Upholding the Renewable Fuel Standard
While working as governor and now as your United States Senator, I’ve fought for South Dakota’s corn and corn ethanol producers to make certain they’re getting a fair deal under the Renewable Fuel Standard (RFS). For over a decade, the RFS has provided the statutory certainty necessary for the corn industry to grow and prosper in the United States. As a result, corn ethanol has become a vital component of our nation’s fuel supply. Many consumers now seek out ethanol blends when they’re at the gas station due to their lower price tag and high octane rating. Just this year, the EPA announced that E-15—a type of fuel that is made up of 15 percent ethanol and 85 percent gasoline—can now be sold year-round. This has helped South Dakota corn farmers and ethanol producers.
The RFS is a program that was created by Congress in 2005. The goal of the RFS is to increase our use of renewable fuels and decrease our dependence on foreign oil. The RFS is administered by the Environmental Protection Agency (EPA), so it’s the job of the EPA to make sure that 15 billion gallons of ethanol are blended into our nation’s fuel supply annually. The number of gallons required to be blended is based on targets called Renewable Volume Obligations (RVO).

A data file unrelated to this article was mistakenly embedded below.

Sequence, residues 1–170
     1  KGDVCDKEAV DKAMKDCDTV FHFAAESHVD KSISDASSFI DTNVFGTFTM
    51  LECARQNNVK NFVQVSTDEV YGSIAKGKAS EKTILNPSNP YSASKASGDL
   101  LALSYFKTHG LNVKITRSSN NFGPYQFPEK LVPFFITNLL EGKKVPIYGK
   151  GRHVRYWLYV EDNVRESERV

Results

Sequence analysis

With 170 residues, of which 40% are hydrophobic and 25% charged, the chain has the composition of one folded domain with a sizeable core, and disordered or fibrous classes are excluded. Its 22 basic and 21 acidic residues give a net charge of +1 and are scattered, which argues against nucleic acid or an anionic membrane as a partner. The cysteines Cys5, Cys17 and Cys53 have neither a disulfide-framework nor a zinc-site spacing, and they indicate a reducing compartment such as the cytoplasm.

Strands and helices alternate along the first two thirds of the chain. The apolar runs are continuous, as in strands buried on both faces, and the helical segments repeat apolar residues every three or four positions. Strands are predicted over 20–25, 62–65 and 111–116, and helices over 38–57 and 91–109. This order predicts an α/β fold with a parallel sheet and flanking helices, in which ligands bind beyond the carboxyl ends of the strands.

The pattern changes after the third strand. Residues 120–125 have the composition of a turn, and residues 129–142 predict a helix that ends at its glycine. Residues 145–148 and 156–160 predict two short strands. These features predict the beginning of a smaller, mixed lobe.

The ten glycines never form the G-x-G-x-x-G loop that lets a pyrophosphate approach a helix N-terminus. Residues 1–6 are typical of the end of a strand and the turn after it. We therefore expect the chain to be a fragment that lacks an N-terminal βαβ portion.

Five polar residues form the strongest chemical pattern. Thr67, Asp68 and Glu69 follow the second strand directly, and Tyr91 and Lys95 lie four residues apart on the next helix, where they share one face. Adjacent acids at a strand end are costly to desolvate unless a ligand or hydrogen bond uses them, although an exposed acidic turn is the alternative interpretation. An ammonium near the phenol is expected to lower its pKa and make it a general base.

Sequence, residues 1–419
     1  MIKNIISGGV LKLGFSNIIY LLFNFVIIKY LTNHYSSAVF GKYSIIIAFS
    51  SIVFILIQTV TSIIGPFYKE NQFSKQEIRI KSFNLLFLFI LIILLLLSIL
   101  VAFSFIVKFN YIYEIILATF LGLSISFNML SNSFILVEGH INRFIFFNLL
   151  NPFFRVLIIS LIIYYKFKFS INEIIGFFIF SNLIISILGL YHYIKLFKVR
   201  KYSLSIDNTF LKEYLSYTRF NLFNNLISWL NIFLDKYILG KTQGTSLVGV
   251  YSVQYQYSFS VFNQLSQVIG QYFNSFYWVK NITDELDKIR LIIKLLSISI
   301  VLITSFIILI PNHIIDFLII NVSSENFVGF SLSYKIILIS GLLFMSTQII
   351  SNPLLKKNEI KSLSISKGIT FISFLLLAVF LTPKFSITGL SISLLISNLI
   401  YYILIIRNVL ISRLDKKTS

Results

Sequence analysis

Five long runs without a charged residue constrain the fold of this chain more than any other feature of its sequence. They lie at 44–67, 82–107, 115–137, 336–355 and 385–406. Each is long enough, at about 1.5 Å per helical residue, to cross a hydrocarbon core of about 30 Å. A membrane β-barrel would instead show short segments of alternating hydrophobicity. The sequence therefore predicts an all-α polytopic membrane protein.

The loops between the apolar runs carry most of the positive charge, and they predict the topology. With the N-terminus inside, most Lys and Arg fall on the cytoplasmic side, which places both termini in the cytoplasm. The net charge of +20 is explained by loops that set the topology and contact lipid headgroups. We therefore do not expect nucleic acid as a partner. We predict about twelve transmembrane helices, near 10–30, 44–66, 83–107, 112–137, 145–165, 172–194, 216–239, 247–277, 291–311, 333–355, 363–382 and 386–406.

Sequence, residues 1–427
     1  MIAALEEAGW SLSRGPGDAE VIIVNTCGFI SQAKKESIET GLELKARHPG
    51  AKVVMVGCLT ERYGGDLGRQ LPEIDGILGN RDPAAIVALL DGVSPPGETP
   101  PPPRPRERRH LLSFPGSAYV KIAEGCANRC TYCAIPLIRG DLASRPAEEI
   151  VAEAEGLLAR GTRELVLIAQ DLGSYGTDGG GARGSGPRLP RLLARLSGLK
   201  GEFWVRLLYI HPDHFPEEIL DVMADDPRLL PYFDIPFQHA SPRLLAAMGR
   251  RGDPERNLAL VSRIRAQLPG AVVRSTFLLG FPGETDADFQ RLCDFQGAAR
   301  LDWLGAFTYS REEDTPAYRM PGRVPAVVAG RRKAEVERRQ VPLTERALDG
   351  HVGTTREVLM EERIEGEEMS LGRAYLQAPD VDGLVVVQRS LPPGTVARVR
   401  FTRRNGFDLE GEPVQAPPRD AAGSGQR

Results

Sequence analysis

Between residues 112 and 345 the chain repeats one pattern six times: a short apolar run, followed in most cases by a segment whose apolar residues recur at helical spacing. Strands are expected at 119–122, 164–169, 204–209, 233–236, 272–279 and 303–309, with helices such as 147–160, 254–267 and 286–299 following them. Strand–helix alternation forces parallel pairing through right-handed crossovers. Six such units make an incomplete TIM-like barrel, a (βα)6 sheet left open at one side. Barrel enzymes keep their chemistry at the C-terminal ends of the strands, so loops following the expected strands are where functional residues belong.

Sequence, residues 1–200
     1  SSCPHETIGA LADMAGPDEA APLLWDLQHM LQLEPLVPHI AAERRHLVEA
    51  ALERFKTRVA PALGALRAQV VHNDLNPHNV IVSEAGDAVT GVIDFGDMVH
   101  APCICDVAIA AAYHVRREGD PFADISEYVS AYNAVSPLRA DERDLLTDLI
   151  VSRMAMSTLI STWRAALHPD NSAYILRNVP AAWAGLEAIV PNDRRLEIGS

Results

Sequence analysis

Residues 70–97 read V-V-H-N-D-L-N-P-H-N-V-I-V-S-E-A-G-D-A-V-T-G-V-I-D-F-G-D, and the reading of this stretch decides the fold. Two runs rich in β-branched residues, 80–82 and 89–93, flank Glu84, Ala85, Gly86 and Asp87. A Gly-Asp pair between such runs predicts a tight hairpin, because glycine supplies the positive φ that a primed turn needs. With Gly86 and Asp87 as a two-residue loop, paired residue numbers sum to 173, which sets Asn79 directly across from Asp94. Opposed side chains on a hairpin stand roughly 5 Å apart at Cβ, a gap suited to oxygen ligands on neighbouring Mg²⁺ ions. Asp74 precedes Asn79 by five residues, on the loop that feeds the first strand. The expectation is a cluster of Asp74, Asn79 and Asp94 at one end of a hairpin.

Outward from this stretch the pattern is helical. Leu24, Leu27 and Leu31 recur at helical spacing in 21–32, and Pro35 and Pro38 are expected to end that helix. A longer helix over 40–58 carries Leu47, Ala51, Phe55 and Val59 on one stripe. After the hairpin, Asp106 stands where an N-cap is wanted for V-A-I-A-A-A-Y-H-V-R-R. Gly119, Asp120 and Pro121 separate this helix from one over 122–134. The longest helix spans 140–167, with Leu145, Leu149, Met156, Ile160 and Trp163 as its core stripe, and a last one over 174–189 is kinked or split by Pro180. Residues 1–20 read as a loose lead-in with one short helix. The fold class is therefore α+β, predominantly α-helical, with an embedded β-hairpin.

However, the RFS has been undermined in recent years due to the EPA issuing a high number of exemptions to small refineries which claim that complying with the RVOs would cause them significant economic hardship. In issuing so many exemptions, the demand for corn and corn ethanol has been reduced, thus impacting farmers’ revenue for the year. I have shared my concerns about small refinery exemptions with EPA Administrator Andrew Wheeler on a number of occasions. Midwest farmers are facing low commodity prices, trade instability and extreme weather—they don’t need further headaches from the federal government.
During multiple meetings at the White House with President Trump this month, I’ve reiterated the importance of making sure the EPA revises its practices to guarantee that any small refinery exemptions would not reduce the 15 billion gallon requirement for conventional ethanol. The agreement, as originally directed by President Trump, would require the EPA to, prospectively, account for small refinery exemptions by utilizing a three-year rolling average of exemptions granted by the EPA. However, the supplemental proposed rule released by the EPA this fall does not achieve the 15 billion gallon requirement. I have been in contact with the EPA to urge them to change their final rule. The president has told me that he is committed to making sure the EPA follows through on its obligation to blend 15 billion gallons of ethanol into the fuel supply. I’m grateful for the president’s leadership on this issue and it’s time for the EPA to uphold the president’s commitment to corn and ethanol producers.
The RFS is an important program for ag states like ours. Using more corn ethanol is a win for our farmers and a win for our planet, since they have a smaller carbon footprint than fossil fuels. I’ll continue monitoring the EPA and speaking with President Trump to make sure the integrity of the RFS is upheld.
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